Ianni told CNN she has no plans to step down and slammed the resolution. “I’m innocent until proven guilty, but they’re judge, jury and prosecutor here,” Ianni said.
Still, her alleged participation in the insurrection has rankled her Town Meeting colleagues.
“It first caused headaches and, let’s say, anguish,” Foss said. “I think by passing a resolution at Town Meeting, it resolved some of that passion.”
The Town Meeting now plans to set up a study committee to examine whether there should be recall mechanisms for Meeting members, Foss said.
“Town Meeting is full of leftist people and they go after outspoken conservatives in my town very brutally,” said Ianni, who remains adamant in her belief that the election was stolen. “Shame on them. That’s what they’re doing. They’re trying to silence an outspoken conservative.”
From ‘D-Day in DC’ to the Arizona audit
As a GOP-led audit of the 2020 election got underway in Maricopa County in April, local reporters spotted a familiar face poring over the ballots: former Arizona state Rep. Anthony Kern.
The fact that Kern’s name was on that 2020 ballot didn’t stop him from taking part in the audit.
In many ways he was a perfect participant for an audit that has been widely panned by election experts as well as many Republican election officials in the state. Kern was a vocal “Stop the Steal” proponent. And on January 6, the then-Arizona state representative loudly proclaimed his presence in Washington.
“D-Day in DC to support Arizona’s and America’s duly elected President Donald Trump!” he tweeted from the rally that day.
When photos later emerged showing Kern on the steps of the Capitol, he retweeted the images and mocked Democrats, “You okay @AZHouseDems? Want me to call the Police?”
His appearance at the Capitol came with little fallout. Kern, who declined to comment to CNN, hasn’t been charged with wrongdoing. He has, however, been booted from the audit after Arizona Senate President Karen Fann — the Republican who spearheaded the audit effort — told a local PBS station that Kern’s participation was a distraction.
“I’m not sure why he’s there or how he got there,” Fann said. “I don’t know that it’s a great thing, to be honest with you, but he is a citizen. He was a voter. He was never convicted of anything. But it is what it is.”
While Kern may have lost his reelection bid and been ousted from the audit, he has already set his sights on higher office. Kern announced earlier this month he’s running for state Senate.
“It’s concerning that you had individuals who may be leading lives in very high-profile roles who participated in the insurrection and who are now back in communities,” state House Democratic Leader Reginald Bolding Jr. told CNN. “I believe the voters of Arizona understand that what happened January 6th is not who we are as a country and the people who participated in January 6th will be disqualified if they even appear on the ballot.”
Local Texas official allegedly rushed the barricades
In Facebook photos posted the day before the riot, Mark and Jalise Middleton were both grinning ear-to-ear, sporting their Trump hats with a series of Washington landmarks in the background. On any other day, the couple from Forestburg, Texas, may have looked like tourists descending on DC for a day of sightseeing.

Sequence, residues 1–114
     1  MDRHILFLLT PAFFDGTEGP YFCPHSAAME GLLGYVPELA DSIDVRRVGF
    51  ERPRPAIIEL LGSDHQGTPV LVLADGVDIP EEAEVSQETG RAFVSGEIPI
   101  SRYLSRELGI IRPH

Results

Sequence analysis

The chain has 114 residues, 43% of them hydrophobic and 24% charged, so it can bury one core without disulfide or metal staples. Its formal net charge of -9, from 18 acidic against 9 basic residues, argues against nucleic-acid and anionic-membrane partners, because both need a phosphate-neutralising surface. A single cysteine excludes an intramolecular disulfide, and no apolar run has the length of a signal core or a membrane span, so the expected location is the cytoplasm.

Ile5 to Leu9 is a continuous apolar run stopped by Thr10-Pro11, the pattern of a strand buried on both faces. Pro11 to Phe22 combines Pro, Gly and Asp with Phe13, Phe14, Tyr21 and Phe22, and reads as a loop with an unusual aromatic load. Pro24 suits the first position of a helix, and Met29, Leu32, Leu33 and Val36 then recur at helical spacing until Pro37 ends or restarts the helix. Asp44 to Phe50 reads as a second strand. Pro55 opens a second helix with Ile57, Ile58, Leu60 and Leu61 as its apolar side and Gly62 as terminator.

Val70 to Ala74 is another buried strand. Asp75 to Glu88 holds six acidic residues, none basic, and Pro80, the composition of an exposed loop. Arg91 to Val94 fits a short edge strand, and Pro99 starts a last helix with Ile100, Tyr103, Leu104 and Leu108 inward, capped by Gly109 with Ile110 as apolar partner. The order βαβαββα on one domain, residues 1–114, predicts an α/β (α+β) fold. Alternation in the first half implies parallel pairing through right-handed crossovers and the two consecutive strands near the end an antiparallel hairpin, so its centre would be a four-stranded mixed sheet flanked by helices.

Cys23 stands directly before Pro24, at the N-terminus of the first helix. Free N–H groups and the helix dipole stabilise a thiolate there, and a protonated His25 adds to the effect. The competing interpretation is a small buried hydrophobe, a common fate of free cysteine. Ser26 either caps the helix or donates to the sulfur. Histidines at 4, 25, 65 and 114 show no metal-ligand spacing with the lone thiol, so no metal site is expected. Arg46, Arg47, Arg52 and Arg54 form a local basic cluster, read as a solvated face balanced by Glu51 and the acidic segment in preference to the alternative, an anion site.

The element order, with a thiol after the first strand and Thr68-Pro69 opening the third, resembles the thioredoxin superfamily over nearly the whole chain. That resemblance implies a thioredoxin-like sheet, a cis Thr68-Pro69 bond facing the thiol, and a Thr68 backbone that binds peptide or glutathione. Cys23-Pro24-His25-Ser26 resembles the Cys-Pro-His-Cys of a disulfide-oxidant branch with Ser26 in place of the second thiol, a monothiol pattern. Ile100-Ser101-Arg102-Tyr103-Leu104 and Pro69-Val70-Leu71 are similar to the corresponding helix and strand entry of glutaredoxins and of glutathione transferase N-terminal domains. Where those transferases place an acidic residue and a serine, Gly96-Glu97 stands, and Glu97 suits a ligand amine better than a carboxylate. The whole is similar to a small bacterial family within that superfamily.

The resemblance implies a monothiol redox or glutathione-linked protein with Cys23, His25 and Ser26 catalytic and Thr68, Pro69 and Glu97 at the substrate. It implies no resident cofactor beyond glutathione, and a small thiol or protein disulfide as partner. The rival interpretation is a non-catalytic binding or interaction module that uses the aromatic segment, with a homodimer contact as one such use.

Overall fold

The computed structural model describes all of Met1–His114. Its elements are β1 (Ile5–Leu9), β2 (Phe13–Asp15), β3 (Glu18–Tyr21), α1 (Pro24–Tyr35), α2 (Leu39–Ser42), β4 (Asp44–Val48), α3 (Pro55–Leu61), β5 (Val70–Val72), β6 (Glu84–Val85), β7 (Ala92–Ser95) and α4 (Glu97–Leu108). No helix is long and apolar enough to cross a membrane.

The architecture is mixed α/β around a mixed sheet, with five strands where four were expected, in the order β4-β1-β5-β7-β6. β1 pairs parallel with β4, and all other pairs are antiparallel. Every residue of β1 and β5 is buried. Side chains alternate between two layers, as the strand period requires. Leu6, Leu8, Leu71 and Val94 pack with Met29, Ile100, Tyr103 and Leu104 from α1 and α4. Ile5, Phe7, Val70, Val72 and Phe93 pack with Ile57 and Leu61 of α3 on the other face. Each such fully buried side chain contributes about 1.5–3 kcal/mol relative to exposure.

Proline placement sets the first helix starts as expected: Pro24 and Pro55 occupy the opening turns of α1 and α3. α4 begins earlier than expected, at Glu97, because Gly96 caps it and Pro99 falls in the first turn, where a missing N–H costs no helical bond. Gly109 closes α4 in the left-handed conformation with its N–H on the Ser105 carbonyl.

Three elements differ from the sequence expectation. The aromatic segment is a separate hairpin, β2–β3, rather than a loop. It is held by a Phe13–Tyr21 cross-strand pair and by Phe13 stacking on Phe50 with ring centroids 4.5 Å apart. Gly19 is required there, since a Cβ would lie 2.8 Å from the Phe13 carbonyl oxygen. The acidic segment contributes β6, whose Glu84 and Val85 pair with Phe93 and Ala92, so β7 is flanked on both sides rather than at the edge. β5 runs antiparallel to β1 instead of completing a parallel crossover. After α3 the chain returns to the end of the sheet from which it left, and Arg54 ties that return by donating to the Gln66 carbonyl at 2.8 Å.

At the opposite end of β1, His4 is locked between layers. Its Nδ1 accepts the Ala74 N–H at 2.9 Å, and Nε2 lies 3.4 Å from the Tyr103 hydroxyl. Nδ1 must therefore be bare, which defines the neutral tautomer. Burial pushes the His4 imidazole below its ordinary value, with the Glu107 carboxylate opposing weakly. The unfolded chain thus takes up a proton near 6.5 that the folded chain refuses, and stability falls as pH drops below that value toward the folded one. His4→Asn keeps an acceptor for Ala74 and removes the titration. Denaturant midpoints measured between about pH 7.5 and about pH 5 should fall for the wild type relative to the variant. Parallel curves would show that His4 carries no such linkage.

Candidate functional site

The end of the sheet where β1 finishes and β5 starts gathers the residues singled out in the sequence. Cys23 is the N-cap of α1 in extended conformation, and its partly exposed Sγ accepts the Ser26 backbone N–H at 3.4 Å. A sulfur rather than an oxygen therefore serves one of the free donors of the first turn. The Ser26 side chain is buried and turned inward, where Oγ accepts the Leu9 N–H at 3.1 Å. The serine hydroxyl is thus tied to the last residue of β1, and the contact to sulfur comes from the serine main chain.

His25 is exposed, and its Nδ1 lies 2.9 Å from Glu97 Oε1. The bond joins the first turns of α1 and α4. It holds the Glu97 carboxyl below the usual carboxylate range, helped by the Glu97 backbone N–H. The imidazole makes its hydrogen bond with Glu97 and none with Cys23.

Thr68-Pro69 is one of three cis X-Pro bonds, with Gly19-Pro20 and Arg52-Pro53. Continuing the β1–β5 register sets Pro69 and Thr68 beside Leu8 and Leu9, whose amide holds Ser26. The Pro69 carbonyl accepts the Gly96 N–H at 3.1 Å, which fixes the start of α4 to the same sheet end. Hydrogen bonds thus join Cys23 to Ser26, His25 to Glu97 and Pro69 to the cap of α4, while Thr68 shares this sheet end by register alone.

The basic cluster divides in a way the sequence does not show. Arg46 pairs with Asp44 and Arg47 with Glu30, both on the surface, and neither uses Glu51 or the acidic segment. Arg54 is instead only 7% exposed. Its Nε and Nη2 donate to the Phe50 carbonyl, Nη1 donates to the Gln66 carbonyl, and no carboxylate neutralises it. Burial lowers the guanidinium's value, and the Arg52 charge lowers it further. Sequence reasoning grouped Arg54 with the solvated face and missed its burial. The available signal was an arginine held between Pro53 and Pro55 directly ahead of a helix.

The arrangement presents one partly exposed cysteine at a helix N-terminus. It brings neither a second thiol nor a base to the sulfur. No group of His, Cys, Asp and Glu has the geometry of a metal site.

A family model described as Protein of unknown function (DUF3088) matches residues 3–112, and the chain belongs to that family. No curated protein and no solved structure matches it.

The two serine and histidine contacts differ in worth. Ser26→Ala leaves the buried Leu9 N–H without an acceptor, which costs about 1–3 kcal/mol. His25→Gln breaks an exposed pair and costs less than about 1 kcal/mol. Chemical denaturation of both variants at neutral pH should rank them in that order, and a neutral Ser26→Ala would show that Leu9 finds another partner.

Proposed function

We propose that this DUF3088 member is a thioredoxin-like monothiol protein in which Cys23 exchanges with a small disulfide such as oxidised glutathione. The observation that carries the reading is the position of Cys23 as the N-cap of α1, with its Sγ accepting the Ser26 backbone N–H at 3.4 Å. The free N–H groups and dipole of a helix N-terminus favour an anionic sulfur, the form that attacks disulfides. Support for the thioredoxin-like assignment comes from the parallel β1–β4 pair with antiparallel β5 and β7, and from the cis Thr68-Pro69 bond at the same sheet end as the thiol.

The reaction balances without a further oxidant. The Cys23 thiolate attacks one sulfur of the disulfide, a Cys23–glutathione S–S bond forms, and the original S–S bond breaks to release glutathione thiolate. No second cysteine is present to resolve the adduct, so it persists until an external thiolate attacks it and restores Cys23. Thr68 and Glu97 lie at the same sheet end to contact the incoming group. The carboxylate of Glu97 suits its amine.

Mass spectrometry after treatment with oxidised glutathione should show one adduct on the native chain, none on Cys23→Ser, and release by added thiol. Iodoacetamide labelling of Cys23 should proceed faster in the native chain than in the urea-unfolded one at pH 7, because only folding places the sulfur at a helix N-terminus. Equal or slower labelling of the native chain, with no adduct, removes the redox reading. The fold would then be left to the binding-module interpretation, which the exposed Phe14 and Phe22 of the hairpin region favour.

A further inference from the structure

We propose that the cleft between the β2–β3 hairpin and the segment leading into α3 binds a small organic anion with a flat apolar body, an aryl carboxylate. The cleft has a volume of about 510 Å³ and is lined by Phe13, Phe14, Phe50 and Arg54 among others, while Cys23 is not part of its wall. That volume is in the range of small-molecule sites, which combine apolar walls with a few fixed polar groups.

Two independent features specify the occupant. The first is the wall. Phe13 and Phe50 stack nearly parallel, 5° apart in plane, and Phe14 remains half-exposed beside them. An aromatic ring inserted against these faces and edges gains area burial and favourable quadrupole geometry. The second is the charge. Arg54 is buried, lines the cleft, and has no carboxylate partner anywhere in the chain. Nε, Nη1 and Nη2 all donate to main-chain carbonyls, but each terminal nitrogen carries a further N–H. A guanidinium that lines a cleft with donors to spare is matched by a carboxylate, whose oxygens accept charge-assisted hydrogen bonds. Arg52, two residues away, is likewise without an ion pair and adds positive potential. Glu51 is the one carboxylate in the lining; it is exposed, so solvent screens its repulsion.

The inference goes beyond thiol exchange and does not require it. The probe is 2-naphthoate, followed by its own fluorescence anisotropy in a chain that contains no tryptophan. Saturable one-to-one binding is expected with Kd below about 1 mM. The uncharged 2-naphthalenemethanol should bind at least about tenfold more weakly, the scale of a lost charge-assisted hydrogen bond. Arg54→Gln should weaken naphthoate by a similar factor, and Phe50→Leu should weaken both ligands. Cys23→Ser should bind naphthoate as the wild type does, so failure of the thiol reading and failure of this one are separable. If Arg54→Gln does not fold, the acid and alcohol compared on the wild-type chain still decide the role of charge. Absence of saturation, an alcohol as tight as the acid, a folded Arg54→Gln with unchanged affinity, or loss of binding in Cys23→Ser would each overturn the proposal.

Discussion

But on January 6, the coiffed couple transformed into a disheveled mess after an alleged melee with police, according to court documents.
As police told rioters to get back, Mark allegedly screamed “F— you!” at the police, as he pushed against the barricades, according to charging documents. Jalise, meantime, was accused of reaching over the barricade — her manicured hand sporting a diamond-studded ring — to repeatedly strike an officer.
The charging documents describe a couple that appeared to be relishing in the fight at the Capitol.
“We are on the front lines. We helped push down the barriers. Jalise and I got pepper sprayed, clubbed, and tear gassed,” Mark said in a video posted to Facebook, according to his charging documents. “We had to retreat, but more patriots pushed forward, and they’re taking back our house.”
It would be months before the Middletons were eventually arrested in late April in Texas. They each face nine charges, including assaulting or resisting officers; violent entry and disorderly conduct; and engaging in physical violence in restricted grounds. They have not entered pleas, according to court documents, and a legal representative for the Middletons declined to comment on their case.
Despite the weighty charges against them, Mark is still listed as a precinct chair for the Cooke County Republican Party in Texas. Chris McNamara, the chairman of the Cooke County GOP, previously told CNN there’s no mechanism to remove him from the position.
Mark, meantime, doubled down on the baseless belief that the election had been stolen in the hours following the riot.
“The atmosphere makes you feel proud to be an American, ask anyone that was there, I guarantee you that’s what every single person will tell you,” Mark said in a January 7 Facebook comment, according to charging documents. “You CAN’T convince me there was no voter fraud found when I stood on the street for 20mins and still couldn’t see the end of the crowd!”
CNN’s Ed Lavandera contributed to this story.